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Title: Identification of induction machine winding faults using stochastic optimization techniques
Author: Ethni, Salah Eddine Abdalrahman Emhmed
Awarding Body: University of Newcastle Upon Tyne
Current Institution: University of Newcastle upon Tyne
Date of Award: 2011
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Abstract:
The induction motor is without doubt the most widely used form of electric power device in any modem power system, giving power to millions of homes, farms and factories all over the world. The early detection of developing machine faults can therefore be vital if the costs of lost production arising from motor failures are to be avoided. Traditional induction machine condition monitoring techniques usually involve the use of sensors embedded in the machine to measure, for example, temperature or vibration. There has also been considerable interest in detecting winding and other machine faults by examination of terminal current waveforms using data gathered under steady-state operating condition and may involve the calculation of quantities such as input power or negative sequence components. Recent trends in condition monitoring also include the detection of machine faults using data acquired during speed transients. A different approach for machine condition monitoring and fault identification using terminal and rotor speed data is presented in this thesis. In this method, a stochastic search is carried out to estimate values of machine parameters which give the best possible match between the performance of the faulty experimental machine and its mathematical model, thus identifying both the location and nature of the winding fault. The performance of three stochastic search methods, Simulated Annealing (SA), Particle Swarm Optimization (PSO) and Bacterial Foraging Optimization (BFO), ABSTRACT when used for condition monitoring of the stator and rotor windings of a three-phase Induction Motor (IM), is evaluated in this thesis. The proposed condition monitoring technique uses time domain terminal voltage and current data in conjunction with the optimization algorithm to indicate the presence of a winding fault and provide information about its nature and location. The technique is demonstrated using experimental data from a laboratory general machine set. In order to verify the proposed fault detection technique, experimental tests were carried out simulating different potential induction motor winding faults under different operation conditions. In this method, stator currents are calculated using an ABC-abc induction motor model and compared to the actual measured currents to produce a set of current errors that are integrated then summed to give an overall error function. Fault identification is carried out by adjusting the model parameters off-line, using the stochastic search method to minimize the error. The new set of model parameters then defines the nature and location of the fault. Unlike many other methods, the new stochastic search based approach does not require any expert prior knowledge of the type of fault or its location; both are identified as an integral part of the optimisation process.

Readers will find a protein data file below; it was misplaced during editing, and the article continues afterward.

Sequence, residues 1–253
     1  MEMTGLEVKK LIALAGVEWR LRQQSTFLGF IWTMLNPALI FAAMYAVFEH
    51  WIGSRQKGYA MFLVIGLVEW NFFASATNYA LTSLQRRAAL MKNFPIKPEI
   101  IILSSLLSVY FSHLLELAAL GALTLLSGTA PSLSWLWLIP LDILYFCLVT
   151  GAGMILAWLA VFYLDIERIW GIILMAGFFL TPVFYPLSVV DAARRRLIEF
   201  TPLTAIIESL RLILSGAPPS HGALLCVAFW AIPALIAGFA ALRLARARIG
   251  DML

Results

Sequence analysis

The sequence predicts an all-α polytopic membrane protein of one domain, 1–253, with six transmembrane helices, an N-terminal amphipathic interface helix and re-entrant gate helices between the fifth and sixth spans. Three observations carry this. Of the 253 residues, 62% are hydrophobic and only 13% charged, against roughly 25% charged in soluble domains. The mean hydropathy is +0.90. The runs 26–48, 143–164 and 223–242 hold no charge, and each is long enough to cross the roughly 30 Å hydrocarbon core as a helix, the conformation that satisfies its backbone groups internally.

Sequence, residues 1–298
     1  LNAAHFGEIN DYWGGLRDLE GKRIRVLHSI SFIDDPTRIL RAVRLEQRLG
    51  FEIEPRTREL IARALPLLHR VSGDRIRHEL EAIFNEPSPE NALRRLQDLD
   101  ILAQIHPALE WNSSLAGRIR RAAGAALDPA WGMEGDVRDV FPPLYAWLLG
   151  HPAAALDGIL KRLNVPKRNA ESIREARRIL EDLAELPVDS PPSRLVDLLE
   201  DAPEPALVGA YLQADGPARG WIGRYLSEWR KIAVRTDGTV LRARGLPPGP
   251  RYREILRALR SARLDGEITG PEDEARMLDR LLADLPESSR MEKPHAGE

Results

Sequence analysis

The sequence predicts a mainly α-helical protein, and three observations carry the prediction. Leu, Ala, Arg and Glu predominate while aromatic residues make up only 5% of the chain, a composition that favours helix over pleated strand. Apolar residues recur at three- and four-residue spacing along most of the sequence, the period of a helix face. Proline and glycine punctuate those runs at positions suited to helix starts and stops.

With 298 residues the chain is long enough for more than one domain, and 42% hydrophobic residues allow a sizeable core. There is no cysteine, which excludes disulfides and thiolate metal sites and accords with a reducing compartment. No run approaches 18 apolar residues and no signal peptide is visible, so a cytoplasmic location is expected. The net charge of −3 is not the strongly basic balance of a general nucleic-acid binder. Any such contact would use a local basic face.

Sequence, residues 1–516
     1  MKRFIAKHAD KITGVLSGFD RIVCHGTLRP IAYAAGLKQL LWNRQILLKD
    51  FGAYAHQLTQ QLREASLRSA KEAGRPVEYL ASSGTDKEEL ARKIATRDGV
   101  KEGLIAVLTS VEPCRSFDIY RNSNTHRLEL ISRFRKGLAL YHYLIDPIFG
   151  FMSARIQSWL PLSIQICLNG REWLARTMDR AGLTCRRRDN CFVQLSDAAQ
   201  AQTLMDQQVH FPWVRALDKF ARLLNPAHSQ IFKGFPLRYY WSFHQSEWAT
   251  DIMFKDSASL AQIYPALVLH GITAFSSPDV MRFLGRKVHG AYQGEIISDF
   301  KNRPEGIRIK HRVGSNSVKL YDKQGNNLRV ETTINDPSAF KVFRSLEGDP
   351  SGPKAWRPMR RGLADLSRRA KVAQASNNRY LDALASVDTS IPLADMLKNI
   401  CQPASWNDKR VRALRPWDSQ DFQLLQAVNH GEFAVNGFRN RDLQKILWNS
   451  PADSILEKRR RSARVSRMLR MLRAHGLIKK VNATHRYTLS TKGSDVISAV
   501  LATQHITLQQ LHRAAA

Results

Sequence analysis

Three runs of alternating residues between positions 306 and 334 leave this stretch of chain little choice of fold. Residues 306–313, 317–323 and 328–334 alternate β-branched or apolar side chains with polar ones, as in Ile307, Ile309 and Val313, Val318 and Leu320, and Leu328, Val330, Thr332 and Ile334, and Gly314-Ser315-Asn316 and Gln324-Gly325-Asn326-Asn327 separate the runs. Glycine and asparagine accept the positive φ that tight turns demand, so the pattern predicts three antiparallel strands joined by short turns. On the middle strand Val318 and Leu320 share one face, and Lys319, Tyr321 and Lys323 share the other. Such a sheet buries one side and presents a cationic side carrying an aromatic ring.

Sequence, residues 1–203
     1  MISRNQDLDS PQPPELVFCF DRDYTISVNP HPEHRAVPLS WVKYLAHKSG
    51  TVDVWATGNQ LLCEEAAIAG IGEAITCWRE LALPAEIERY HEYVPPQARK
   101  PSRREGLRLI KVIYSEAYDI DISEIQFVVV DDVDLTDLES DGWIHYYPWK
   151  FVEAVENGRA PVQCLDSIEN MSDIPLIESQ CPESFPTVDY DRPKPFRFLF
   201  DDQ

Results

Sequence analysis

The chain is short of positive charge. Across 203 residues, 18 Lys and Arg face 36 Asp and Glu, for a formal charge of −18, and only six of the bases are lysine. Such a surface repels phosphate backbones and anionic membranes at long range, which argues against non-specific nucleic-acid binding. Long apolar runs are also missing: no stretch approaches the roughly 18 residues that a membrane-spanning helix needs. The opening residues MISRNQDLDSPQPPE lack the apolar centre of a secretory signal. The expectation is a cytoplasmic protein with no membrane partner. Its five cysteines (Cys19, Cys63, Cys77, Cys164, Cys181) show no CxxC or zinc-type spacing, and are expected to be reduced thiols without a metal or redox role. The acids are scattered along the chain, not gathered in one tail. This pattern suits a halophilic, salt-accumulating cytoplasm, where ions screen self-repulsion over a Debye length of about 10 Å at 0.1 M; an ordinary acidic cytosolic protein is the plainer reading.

Supervisor: Not available Sponsor: Not available
Qualification Name: Thesis (Ph.D.) Qualification Level: Doctoral
EThOS ID: uk.bl.ethos.556007  DOI: Not available
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